Most widely available on VHS from Prism with cover art aping their simultaneous release of the Amicus Tales from the Crypt, this film was actually trimmed slightly for its English-language version; the sex and violence were intact, but a few dialogue scenes were shortened significantly. The DVD debut from Mondo Macabro (part of their astonishing continuing line of Dick Randall-related releases) restores the original 1.66:1 framing and is taken from the longer Italian version, complete with the title card as La casa della paura. Other random written items throughout the film are also in Italian with optional English subtitles. Image quality is excellent throughout, at least when one takes into account that this has always been a pretty rough, cheap-looking film, don't expect any glossy Bava-style visuals here. The aesthetic is much closer to Rose's American films -- grungy, dark, and dirty. However, those all-important reds really pop, and it's a huge advance over the smudgy-looking tape editions. The familiar English audio is included here in excellent shape and will probably be the option of choice for most viewers, as this was shot with almost all of the cast members speaking English on the set and then dubbed later, with varying degrees of success. Though its condition isn't remotely as pristine, the Italian audio does offer an intriguing variation though as it contains far more dialogue spoken offscreen in several scenes, and as demonstrated by the optional English subtitles, the meaning of several lines changes quite a bit from one translation to the other.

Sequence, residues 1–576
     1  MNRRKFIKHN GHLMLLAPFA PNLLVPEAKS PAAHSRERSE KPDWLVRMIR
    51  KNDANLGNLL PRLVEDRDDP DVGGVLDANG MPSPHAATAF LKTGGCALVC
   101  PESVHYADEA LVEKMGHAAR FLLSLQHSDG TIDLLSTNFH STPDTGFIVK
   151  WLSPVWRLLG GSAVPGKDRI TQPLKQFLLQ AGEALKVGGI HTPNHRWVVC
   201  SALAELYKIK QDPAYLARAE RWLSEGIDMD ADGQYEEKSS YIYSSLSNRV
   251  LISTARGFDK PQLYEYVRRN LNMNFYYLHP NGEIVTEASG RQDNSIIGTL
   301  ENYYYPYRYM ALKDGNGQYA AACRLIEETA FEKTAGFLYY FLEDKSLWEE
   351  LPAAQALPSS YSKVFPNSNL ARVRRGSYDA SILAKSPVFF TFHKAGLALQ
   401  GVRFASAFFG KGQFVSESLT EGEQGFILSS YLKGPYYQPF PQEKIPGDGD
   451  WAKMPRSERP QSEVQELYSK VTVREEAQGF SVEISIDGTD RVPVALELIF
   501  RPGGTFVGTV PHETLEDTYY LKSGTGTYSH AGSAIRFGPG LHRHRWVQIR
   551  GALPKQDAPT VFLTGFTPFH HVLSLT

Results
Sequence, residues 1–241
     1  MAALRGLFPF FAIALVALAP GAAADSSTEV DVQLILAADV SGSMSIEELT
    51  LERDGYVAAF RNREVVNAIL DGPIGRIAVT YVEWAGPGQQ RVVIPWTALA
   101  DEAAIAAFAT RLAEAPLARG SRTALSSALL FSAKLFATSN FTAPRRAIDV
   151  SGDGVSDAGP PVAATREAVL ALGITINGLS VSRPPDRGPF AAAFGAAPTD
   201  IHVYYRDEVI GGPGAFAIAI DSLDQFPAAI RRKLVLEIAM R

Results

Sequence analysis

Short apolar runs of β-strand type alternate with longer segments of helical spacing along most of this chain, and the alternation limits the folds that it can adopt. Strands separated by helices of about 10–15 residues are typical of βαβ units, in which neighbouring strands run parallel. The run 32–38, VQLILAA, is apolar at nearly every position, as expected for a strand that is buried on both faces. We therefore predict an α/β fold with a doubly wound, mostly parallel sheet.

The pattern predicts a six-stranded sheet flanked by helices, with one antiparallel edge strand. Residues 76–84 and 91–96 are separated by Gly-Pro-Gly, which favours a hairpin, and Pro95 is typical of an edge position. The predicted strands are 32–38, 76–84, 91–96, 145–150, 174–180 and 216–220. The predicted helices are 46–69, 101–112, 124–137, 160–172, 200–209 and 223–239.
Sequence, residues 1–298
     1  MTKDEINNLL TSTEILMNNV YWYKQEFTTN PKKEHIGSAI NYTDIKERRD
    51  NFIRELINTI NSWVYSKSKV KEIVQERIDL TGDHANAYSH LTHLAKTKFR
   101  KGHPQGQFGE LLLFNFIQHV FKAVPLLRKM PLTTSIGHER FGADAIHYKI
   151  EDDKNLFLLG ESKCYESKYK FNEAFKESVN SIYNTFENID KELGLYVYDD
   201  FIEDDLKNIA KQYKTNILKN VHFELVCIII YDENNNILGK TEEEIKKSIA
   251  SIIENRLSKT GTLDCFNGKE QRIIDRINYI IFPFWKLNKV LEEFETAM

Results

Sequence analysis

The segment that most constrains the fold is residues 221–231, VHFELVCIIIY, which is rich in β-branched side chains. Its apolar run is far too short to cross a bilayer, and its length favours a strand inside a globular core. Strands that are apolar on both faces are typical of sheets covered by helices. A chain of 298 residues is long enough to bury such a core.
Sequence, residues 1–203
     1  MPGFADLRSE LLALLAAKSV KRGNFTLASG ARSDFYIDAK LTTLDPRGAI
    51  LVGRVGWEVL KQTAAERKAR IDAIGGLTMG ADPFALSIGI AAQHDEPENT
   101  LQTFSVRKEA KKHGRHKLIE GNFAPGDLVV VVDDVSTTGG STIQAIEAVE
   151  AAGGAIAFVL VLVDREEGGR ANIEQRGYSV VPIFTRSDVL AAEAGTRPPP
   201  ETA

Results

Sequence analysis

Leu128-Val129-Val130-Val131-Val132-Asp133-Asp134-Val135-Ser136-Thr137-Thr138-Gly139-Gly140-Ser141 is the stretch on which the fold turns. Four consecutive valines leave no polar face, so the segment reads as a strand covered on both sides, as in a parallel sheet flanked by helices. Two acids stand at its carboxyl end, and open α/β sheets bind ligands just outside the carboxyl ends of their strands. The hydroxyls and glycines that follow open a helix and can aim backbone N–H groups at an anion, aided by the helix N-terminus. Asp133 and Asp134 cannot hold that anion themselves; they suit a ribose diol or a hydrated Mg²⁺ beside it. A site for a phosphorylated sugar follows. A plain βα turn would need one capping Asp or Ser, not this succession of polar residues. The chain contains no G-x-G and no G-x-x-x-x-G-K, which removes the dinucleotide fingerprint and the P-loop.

The biggest of the supplements is a new video interview with Giordano (who, according to her disc bio, is now a paranormal journalist!), which starts off a bit choppy but soon gets into a nice groove as she talks about the arbitrary process of transitioning from beauty queen to film actress, working with Randall and Rose, the very few directors who actually gave her feedback, and her distaste for horror films. It's an entertaining and very lighthearted chat, offering a candid glimpse at Italian filmmaking in its heyday. Also included is the original American trailer (looking pretty much identical to the old Sinister Cinema VHS one on their trailer comp decades ago) and the usual enlightening Mondo Macabro text extras, including an "about the film" section (mostly about Rose, including a note about a shameless plug found only in the American cut) and four cast bios filled with little trivia nuggets. Yet another superb release from one of the most endearing labels in the business.